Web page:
from September 2012, Review

Sep 28, 2012 — by: Karl Johnson
Categories: Review

DuckduckgoGoogle Search is the most popular search engine on the Internet today. It is also the default search engine for most browsers except for Internet Explorer. Google has a good search engine, but its corporate practices may leave users on edge. Since they offer everything for free, they make money by selling the information they collect about their users. If that feels like an invasion of privacy, there are alternatives.

DuckDuckGo is a good search engine that does not collect or share personal information. To find out more, head over to their privacy policy here. One of the key features of Google Search is that it does more than search the Internet. If you type in a math problem into Google Search, it will return the answer for example. The same is true for unit conversion. Bing has something similar, but it's not as robust. DuckDuckGo is the first search engine that can compete with Google in this area. DuckDuckGo uses Wolfram|Alpha to answer many of these questions. Wolfram|Alpha is also used by Siri for the same functions. DuckDuckGo can be used as the default search engine for Safari 6 by adding the plugin AnySearch. With AnySearch, users can type their question in the address/search box and go straight to DuckDuckGo.

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Sep 28, 2012 — by: Mark Reschke
Categories: Review
Apple_logo_on_black

Dear Mr. Cook,

I'm going to make this short and to the point. By now most of the public interested in iPhones knows Apple's new Mapping application has some glitches in various regions, and for the moment, lacks integrated public transit system information. I was pleased that you came forward with an open letter to inform the public that the highest levels at Apple are aware of the problems and they are being addressed post haste.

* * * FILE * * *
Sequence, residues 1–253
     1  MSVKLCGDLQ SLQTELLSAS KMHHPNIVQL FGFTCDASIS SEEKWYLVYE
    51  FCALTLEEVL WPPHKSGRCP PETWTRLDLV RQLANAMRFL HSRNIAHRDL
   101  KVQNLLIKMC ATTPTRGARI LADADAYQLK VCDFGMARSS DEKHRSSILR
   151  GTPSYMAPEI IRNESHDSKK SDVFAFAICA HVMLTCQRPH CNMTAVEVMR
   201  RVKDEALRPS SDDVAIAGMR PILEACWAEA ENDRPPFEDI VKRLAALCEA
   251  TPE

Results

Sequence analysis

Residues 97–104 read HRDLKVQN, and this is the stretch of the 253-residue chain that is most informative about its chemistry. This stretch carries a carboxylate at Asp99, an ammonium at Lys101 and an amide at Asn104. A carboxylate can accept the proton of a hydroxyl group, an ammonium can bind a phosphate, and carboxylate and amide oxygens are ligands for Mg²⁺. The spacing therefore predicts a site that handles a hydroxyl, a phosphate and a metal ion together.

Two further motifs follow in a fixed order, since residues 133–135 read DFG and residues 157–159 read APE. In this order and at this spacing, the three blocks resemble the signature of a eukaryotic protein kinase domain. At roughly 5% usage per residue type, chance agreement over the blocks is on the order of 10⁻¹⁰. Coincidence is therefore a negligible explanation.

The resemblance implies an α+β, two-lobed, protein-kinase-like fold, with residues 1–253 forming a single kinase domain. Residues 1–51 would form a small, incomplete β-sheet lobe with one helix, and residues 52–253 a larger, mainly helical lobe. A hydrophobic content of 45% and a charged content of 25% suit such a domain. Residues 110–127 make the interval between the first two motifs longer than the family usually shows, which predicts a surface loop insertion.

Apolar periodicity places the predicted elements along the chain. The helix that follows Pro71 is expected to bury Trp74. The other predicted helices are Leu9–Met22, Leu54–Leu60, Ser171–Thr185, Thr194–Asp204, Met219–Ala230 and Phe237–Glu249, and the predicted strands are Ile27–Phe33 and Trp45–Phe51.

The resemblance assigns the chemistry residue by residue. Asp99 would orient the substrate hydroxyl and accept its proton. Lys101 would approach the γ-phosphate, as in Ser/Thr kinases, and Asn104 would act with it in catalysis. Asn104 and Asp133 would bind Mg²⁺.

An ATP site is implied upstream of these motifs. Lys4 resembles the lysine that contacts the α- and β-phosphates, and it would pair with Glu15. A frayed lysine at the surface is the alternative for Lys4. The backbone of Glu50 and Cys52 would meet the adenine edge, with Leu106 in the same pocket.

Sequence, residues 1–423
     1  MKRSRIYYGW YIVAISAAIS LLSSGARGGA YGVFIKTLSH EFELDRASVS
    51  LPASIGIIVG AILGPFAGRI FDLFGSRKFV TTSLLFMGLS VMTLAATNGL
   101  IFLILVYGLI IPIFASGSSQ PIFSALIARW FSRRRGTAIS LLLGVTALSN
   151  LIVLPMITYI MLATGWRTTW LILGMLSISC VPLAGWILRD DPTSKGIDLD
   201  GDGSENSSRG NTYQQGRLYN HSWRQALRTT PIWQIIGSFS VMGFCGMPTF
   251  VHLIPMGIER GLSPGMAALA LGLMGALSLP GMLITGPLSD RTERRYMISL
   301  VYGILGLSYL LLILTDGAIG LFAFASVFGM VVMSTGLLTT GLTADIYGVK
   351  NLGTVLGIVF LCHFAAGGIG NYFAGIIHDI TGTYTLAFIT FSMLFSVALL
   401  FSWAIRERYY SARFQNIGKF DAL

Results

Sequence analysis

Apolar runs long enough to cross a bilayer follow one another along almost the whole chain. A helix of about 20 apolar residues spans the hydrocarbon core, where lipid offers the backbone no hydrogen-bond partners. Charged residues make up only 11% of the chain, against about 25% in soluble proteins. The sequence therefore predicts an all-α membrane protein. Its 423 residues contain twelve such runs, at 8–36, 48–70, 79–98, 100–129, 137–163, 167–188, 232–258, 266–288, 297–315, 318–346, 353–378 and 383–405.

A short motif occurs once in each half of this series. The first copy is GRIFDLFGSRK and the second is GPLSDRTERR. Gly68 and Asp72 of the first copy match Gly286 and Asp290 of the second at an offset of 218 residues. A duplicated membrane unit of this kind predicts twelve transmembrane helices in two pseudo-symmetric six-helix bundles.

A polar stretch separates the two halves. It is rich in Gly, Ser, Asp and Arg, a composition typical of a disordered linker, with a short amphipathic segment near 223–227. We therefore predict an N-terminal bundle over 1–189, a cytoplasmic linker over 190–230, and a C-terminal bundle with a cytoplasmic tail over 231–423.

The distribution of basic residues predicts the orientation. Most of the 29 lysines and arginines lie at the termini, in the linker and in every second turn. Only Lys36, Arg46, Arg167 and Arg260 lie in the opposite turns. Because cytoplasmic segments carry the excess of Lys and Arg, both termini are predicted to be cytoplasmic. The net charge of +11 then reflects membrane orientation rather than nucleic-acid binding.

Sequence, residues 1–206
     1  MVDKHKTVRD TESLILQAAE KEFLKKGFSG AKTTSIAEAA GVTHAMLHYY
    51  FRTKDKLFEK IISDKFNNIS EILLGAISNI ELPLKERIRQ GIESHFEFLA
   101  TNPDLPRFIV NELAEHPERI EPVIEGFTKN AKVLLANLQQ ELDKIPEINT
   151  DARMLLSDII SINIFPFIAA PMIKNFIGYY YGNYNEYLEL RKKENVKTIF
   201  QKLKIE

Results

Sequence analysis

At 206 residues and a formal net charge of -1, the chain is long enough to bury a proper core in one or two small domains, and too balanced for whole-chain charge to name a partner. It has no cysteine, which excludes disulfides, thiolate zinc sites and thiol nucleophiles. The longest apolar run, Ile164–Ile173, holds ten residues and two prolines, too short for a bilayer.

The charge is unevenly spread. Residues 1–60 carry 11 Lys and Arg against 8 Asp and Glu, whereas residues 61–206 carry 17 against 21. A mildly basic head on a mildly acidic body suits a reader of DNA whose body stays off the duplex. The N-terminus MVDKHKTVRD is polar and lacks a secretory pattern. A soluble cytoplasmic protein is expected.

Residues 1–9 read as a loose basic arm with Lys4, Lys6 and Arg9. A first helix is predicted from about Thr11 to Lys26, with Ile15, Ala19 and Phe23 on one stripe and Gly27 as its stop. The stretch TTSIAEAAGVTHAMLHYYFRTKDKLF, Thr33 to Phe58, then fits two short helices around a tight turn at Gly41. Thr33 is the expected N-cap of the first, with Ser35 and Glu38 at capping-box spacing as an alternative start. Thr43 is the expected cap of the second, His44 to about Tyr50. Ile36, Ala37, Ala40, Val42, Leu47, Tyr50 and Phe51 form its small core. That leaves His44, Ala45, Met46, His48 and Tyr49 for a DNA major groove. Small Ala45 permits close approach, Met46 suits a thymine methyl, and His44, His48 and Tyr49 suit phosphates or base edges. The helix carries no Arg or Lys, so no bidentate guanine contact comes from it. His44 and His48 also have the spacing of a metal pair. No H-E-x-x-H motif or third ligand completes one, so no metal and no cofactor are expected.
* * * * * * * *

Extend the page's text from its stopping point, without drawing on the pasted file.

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Sep 26, 2012 — by: E. Werner Reschke
Categories: Review
Apple-maps

Apple Maps. It's a sore spot for iOS 6 users. To any honest observer, Apple blew this one. While we all know Apple Maps will get better, right now Maps does not meet the high standard we have come to expect from an Apple product or service.

While everyone else is discussing what is wrong or what went wrong, I'd like to take a moment and ask, WWSD? or in other words, "What Would Steve Do?"

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Sep 25, 2012 — by: E. Werner Reschke
Categories: Review
iPhone 5, Apple

For those of us who don't have time to stand in line (either at a physical or virtual store) to place our order for a shiny new iPhone 5, it will probably be a month or two until we get our mitts on one that we can call our own. That said, we don't have to wait to learn how slow our phone has become (whether an iPhone 4S, iPhone 4, or iPhone 3G) now that the new kid has arrived in town.

One of my T-GAAP partners asked a simple question, "How fast is the iPhone 5?", and the other one took up the challenge and did a little research (care of Geekbench). Here's what we learned:

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